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Kishu: Wikis


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Other names Kishu-Ken
Country of origin Japan

The Kishu (紀州犬 Kishū-inu ?), sometimes called Kishu Ken or Kishu Inu, is a Japanese breed of dog, developed there for thousands of years. It is descended from ancient medium-sized breeds and named after the Kishu region, now Wakayama Prefecture. This breed is similar to the Akita Inu and the Shiba Inu but predates both breeds. Sometimes it is mistaken for the white variant of Hokkaido or a white Japanese Spitz because of very similar appearance. The Japanese originally used this breed of dog for boar and deer hunting. Like the Shiba, they are often quiet. Kishu will stalk prey quietly rather than bark.




The Kishu stands 17-22 inches tall, averages 30-60 pounds and is considered a medium sized dog. The coat color is generally white. There are still occasional brindle or red Kishus in Japan, but the preferred coat color, and the only one seen in show dogs, is white. The nose color is primarily black, but with the white coat the nose can be brownish or pink in color. The bite is either scissor or a level bite. The tail is curled over the back like that of an Akita or Shiba Inu. The coat is short, straight, and coarse with a thick undercoat. There is fringe on the cheeks and tail. The ears incline forward and are smaller rather than larger. This breed is tough, agile, and friendly.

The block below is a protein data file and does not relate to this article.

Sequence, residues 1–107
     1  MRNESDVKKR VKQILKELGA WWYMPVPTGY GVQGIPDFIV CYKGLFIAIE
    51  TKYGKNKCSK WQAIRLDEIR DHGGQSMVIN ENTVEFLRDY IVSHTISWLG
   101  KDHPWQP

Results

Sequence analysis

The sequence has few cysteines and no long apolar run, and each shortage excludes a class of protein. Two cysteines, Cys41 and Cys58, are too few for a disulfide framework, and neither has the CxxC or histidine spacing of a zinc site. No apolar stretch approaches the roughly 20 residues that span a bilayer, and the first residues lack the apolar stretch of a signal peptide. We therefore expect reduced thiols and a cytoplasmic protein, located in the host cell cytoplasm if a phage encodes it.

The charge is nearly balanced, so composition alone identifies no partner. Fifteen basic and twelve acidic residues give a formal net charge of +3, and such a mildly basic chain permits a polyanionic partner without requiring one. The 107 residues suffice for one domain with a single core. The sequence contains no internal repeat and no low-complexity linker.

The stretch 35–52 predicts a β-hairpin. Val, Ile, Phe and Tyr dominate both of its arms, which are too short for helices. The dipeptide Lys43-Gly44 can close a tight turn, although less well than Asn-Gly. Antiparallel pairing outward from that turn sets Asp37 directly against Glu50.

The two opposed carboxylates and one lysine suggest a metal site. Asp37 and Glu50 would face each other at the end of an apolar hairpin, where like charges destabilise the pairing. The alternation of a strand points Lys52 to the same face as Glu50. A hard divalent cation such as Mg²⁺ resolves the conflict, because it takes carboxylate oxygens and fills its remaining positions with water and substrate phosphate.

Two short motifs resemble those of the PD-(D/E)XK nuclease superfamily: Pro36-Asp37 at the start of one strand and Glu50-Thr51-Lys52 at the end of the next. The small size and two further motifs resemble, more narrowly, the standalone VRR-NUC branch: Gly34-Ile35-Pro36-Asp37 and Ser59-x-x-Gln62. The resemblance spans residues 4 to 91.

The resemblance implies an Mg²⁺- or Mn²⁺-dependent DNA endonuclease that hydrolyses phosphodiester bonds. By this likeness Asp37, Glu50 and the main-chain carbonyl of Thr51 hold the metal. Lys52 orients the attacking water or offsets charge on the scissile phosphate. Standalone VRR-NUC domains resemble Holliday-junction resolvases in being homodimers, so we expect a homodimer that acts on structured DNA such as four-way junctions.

Kishu's are a one-person dog. They are courageous and brave as hunters, and will be loyal to their owners. They have a strong prey drive, and will hunt small animals. They do well with other dogs; however, due to their pack instincts they might cause some fights for dominance. They are quite headstrong and willful, making training necessary, but they are devoted and loyal to family, getting along well with children. Kishu like to keep an eye on whatever is going on, and sometimes find a high place to look out from. They can be timid around strangers. They are easily housebroken, intelligent, and have a strong will.



The Kishu should be brushed weekly to keep their fur mat free and clean. Bathe them as necessary, depending on how dirty they are. Their ears should be checked routinely for wax build up, infection or dirt. Their nails should also be trimmed regularly. Kishu Kens shed once or twice a year, making grooming at these times needed.


The Kishu needs adequate space to roam and exercise, meaning a house with a yard or urban environment with a fence. They need regular exercise on a leash, taking walks or runs. They can also be given a job to do such as herding to satisfy their exercise.


The Kishu is a Foundation Stock breed with the American Kennel Club. The American Kishu Registry is the official Kishu registry in the United States and is recognized as such by AKC. Other registries include Japan Kennel Club (JKC) and Nihonken Hozonkai (Nippo), both in Japan. The Kishu is recognized as a natural monument of Japan, thus export of the Kishu from Japan is severely restricted. Since this breed is so rare in North America and Europe, you may only get a chance to see him in his native homeland, Japan. There are only two known breeders outside of Japan—one in Texas and one in the Netherlands.

In popular culture


The works of manga artist Yoshihiro Takahashi feature many Kishu, characterizing them as skilled fighters.

  • Akame of Ginga: Nagareboshi Gin
  • Kyoushiro of Ginga Legend Weed. Also Sakura, the main character's mother, was a Kishu mix. This makes Weed, the main character, a Kishu/Akita mix—his father Gin was an Akita.
  • Gamu, Kusakage, Shiba, Tsuchigumo, Oboro, and Honou, the Ganin warriors of Kacchu no Senshi Gamu.


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